Saturday, November 26, 2016

Trouble in Paradise!

Don and Sheila were our crew from Darwin to Lombok.
Sheila completed her circumnavigation there and left us for
some fun in Indonesia before returning to work in Germany.
The World ARC fleet had a scheduled Start to Christmas Island and Cocos Keeling, two Australian islands in the Indian Ocean. I say “had” because we were not part of it! We were abandoned by the fleet as they headed out of the Gili Gede anchorage early Sunday morning!

We had attended the Skippers’ Briefing on Saturday and asked if anyone had a spare oil pressure switch for a Fischer Panda generator with a Kubota engine. Into the Blue said they had a used one for a Kawasaki engine that we could have. Since we had a mechanic coming on Sunday, we stayed behind to wait for him.

The water taxi was the best way to go ashore.
Needless to say, it was lonely in the harbor
the fleet. Odysseus, the boat with the engine failure that was towed 350 miles by Katarina, was still there waiting for the mechanic, too. The mechanic arrived midday and installed the part. Then it happened!

The generator wouldn’t start at all. Before it was just the feed water pump that wouldn’t start due to low oil pressure. Or so we thought! Now we weren’t sure what was the real problem. Dennis asked a local sailor to take a look and Nigel thought it was a solenoid problem. There was a loose wire that had sparked when Dennis touched it.

Sailors helping sailors! Diagnosing the generator issue.
Of course, the mechanic had to go to Odysseus to diagnose their engine problem. He said he would come back in the morning. NOT! Unfortunately, there was a death in his family so he did not come back. He has to drive two hours from Mataram to get to Gili Gede. So we sweltered in 100 degrees and sun – with an occasional squall – for the whole day and most of the next day.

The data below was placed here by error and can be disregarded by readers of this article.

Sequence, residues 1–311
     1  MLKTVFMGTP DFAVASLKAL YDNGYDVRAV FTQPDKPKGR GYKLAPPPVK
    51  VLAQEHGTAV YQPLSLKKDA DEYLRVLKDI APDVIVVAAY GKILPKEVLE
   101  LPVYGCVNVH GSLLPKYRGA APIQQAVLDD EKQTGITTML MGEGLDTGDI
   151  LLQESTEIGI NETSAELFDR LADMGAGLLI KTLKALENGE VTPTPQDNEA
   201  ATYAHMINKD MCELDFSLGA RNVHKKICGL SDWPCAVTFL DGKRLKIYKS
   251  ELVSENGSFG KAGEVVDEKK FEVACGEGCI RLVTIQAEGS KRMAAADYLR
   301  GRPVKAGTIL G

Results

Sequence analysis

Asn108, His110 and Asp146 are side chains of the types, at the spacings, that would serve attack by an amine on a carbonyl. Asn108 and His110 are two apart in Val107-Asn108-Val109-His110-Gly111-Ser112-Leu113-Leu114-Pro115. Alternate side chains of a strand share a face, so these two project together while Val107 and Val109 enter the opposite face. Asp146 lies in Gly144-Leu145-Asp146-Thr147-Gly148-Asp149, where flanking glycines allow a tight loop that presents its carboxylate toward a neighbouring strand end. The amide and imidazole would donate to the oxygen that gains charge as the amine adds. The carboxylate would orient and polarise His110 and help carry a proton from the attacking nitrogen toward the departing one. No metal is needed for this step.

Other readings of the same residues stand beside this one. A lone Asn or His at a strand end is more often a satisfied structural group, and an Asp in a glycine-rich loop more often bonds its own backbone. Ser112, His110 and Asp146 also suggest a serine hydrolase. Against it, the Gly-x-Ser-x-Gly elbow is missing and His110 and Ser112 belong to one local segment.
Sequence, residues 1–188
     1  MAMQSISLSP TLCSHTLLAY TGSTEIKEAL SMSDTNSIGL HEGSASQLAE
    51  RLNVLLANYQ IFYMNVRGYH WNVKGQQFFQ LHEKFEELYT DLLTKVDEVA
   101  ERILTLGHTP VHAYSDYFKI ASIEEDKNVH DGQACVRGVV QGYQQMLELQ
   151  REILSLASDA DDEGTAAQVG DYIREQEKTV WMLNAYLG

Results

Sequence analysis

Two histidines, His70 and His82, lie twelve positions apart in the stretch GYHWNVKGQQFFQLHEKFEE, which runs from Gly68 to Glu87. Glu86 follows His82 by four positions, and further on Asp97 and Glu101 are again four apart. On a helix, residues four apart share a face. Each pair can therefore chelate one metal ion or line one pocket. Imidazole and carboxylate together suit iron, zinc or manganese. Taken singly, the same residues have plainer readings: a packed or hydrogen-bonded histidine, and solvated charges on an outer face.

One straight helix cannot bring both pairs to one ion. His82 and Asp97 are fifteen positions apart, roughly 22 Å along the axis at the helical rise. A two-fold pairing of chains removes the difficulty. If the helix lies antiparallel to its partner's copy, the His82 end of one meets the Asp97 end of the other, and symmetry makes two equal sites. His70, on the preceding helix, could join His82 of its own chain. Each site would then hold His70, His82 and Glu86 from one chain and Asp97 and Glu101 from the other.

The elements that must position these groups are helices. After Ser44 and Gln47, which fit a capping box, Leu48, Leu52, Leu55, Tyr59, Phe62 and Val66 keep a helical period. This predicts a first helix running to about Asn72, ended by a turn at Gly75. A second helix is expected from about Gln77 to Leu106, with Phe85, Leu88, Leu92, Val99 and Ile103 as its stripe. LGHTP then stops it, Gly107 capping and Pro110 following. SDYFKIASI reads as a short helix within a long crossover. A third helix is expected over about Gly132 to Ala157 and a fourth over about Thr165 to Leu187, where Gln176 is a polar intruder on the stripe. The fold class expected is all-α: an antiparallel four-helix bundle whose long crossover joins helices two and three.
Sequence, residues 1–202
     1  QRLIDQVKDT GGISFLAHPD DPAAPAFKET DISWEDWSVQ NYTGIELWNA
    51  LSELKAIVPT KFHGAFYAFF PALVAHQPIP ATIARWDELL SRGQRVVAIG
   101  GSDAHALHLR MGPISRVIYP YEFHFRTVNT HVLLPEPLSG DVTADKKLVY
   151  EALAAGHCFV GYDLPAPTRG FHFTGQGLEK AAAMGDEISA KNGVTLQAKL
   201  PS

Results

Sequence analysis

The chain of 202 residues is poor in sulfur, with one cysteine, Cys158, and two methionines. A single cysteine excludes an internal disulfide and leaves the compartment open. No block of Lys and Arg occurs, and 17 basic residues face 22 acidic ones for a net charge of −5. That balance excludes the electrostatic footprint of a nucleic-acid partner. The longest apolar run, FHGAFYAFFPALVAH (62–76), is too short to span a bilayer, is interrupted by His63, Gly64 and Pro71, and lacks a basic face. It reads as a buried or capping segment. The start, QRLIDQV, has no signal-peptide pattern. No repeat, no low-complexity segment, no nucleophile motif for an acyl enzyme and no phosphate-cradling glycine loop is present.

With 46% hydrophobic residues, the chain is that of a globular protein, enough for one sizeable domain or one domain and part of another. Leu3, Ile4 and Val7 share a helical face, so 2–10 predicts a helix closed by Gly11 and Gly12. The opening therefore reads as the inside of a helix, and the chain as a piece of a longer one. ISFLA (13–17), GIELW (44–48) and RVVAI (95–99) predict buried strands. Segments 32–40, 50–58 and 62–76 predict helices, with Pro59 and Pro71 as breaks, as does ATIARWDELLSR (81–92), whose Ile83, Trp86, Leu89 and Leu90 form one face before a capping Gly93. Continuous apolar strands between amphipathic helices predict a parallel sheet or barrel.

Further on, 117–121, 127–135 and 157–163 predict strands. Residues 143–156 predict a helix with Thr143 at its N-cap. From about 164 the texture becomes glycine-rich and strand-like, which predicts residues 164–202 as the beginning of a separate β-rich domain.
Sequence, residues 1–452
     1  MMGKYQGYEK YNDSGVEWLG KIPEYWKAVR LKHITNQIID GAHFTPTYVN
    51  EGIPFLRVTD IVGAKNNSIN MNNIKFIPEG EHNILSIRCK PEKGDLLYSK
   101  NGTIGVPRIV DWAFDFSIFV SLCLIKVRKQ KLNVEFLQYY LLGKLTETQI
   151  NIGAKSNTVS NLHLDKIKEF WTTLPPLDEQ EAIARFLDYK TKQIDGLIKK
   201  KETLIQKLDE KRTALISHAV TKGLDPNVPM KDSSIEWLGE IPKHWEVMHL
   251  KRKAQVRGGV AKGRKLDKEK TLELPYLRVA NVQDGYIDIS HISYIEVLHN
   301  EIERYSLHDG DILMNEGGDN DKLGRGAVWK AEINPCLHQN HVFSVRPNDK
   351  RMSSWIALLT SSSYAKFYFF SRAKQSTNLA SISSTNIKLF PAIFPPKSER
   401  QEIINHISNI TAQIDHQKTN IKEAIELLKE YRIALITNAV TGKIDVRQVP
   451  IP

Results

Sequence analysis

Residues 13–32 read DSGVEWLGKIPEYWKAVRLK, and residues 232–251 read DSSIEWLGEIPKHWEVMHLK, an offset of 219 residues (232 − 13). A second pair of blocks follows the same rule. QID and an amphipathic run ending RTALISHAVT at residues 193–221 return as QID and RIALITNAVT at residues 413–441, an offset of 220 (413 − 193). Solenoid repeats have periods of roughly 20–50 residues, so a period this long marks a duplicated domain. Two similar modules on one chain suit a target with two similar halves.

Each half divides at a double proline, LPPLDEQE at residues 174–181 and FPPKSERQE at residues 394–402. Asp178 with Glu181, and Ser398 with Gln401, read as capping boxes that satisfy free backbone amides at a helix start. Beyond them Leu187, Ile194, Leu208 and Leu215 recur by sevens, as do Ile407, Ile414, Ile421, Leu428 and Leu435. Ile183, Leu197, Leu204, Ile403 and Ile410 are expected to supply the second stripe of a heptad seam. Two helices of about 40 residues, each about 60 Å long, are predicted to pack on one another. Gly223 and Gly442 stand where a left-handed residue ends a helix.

He never did come back! He only went to Odysseus to drop off an invoice and collect money so he could order their parts. He said he would come over to us, but did not.
This is how we refuel when there is no marina.
In the meantime, we had begun trying to source the parts from Australia with the hope that Hugh with Rally Control could bring them from Sydney. Even though the fleet left us behind, the World ARC was very helpful in trying to assist.

We hoped the parts could meet us in Cocos Keeling. The main issue is that we cannot run the water maker (desalinator). We had enough water and juice on board for keeping us hydrated. The issue is the need to protect the membranes of the water maker and we can’t backflush or make water without the generator working properly.

Sometimes friends drop by ... or swim over!
Now let’s add a little more drama to the situation! Dennis was having what our Van Ni friends call “running stomach” and sleeping all of the time that he was not seated in the head. Actually, we all had a touch of it, but I blamed it on the spicy food we had eaten on several occasions. Remember: Lombok means chili pepper.

Don and I were fine after 24 hours, but not the Captain. It started on Sunday and by Tuesday he needed to see a doctor. The trip to a doctor entailed a dinghy ride to the mainland, then a 1.5 hour taxi ride to the hospital and then the return trip. It took him all afternoon and he returned to the boat at sunset.

He described the experience to us: the hospital was very modern and there were several non-natives there with stomach issues. They drew blood and ran tests to find that he had an intestinal infection. The doctor gave him some medications and sent him home.

He said the hospital had modern equipment and facilities, but the staff did not wash their hands between patients and they did not change the linens on the examination tables between patients! Yikes! I wonder what else he picked up there? He returned to the boat to eat a little something since he hadn’t eaten in two days and was weak and lightheaded. Then back to bed.
The World ARC Yellow Shirts and locals took good care of us.

This was our track on YB Tracker. No we did not cut
across the land. The tracker sends a signal every six
hours so it missed us going through the Lombok channel.
We would wait another day for the mechanic (who never showed or called) and for the Captain to regain some strength. Then we would fill the tanks with bottled water we purchased and head off to catch the fleet.

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